The enduring fraudDANIEL GREENE
The Protocols of the Elders of Zion has been debunked countless times. Yet for the world’s anti-Semites, the book’s authenticity remains an article of faith.
It is a clip from a 29-part Syrian-produced television miniseries, Al-Shatat (The Diaspora), based largely on the fraudulent Protocols of the Elders of Zion. According to the series, a secret global Jewish government seeks to control the world. The Middle East Media Research Institute (MEMRI) reports that the Hezbollah-run Al-Manar TV service aired Al-Shatat in 2003.
Al-Shatat followed a 41-part Egyptian-produced television series, Knight Without a Horse, which also drew inspiration from the Protocols. The first episode aired in November 2002. Protests from the West included a condemnation of the series by the U.S. State Department.
These programs exemplify the endurance of The Protocols of the Elders of Zion, the most notorious and widely distributed anti-semitic publication of modern times. Today, the Protocols is available in dozens of languages and scores of countries. A typical Internet search for “Protocols of the Elders of Zion” yields several hundred thousand hits, of which about half are hate sites.
What is The Protocols of the Elders of Zion? And, why is this book, which was proven a fraud as early as 1920, still serving to spread hatred of Jews to this day?
The Protocols is entirely a work of fiction. The Elders of Zion never existed. Secret meetings of Jewish conspirators never happened. These so-called protocols are so turgid as to be almost unreadable.
So, what accounts for the sustained popularity of this book among those with anti-semitic agendas?
The Protocols functions so effectively as a propaganda tool in large part because of the insidious seductiveness of conspiracy theories. Conspiracy theories explain a complicated world in simple ways. “It’s the Jews,” has provided a simple, and often hateful, way to make sense of ever increasing complexity.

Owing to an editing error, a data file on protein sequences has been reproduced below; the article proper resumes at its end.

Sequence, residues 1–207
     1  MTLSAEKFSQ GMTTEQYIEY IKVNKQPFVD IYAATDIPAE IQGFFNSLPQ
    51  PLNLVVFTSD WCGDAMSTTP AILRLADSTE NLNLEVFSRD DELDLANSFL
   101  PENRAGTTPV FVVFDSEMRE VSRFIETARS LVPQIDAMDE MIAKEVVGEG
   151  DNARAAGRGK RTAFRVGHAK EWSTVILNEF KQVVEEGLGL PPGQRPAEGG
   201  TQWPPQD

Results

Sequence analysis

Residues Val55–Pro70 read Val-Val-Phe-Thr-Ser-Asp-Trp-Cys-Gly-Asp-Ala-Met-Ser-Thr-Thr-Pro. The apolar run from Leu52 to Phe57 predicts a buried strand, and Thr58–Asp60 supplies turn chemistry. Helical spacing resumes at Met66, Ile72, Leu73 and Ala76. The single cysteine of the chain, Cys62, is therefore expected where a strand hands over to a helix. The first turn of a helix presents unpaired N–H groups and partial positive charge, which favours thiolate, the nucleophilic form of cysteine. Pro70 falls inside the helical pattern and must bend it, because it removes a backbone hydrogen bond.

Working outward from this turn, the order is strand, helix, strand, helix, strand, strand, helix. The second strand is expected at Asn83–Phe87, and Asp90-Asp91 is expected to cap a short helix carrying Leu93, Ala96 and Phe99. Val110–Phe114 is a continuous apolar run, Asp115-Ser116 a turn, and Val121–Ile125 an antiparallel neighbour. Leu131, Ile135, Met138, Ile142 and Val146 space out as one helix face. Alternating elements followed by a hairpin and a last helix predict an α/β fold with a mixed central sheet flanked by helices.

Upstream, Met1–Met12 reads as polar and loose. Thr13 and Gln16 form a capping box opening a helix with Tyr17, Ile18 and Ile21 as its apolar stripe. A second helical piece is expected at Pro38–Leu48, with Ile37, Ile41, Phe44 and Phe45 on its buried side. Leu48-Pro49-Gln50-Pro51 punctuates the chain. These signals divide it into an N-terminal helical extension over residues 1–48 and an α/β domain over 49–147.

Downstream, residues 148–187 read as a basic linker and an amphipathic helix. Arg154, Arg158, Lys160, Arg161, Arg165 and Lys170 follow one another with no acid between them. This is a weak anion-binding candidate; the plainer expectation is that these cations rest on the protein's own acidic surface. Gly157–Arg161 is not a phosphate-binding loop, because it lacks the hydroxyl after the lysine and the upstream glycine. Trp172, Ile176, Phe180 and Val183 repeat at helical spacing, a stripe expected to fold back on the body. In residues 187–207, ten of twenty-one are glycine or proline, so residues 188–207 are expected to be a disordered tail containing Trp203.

The Protocols was likely concocted by the Czarist secret police in Paris during the late 1890s. A version of the text appeared in a Russian newspaper in 1903, and it was used to incite pogroms, violent riots against Jews tacitly endorsed by the state. The Protocols remained confined to Russia until the aftermath of the Bolshevik Revolution, when it was translated and published across Europe and elsewhere to warn of “Jewish Bolsheviks’” plot to spread their influence to the West. By the mid-1920s, one could read The Protocols in Russian, English, Spanish, French, German, Arabic and even Japanese.
The Protocols, too, was a convenient text for the Nazi Party, which published at least 23 editions between 1919 and 1939. It was used to indoctrinate students and Hitler Youth.
In April, 1924, Goebbels wrote in his diary: “I believe that The Protocols of the Wise Men of Zion are a forgery. [However,] I believe in the intrinsic but not in the factual truth of The Protocols.”
Here lies great insight into how propaganda operates. By 1924, at least four investigations had exposed the Protocols as a plagiarism of two obscure 1860s texts — Maurice Joly’s Dialogue in Hell Between Machiavelli and Montesquieu (which has nothing to do with Jews) and Hermann Goedsche’s Biarritz. Goebbels didn’t care. He knew The Protocols effectively made amorphous beliefs in a Jewish conspiracy seem plausible. It didn’t matter whether the book was a fraud, as long as it could be used to spread hate. And, it didn’t matter that the book had been proven a fraud; the antisemitic notion on which it depended could not be disproved.
Daniel Greene. "The enduring fraud." National Post, (Canada) September 19, 2006.
Reprinted with permission of the National Post.
Daniel Greene, PhD is the curator of the U.S. Holocaust Memorial Museum’s special exhibition A Dangerous Lie: The Protocols of the Elders of Zion. Information about the exhibition can be found here.
© 2006 National Post
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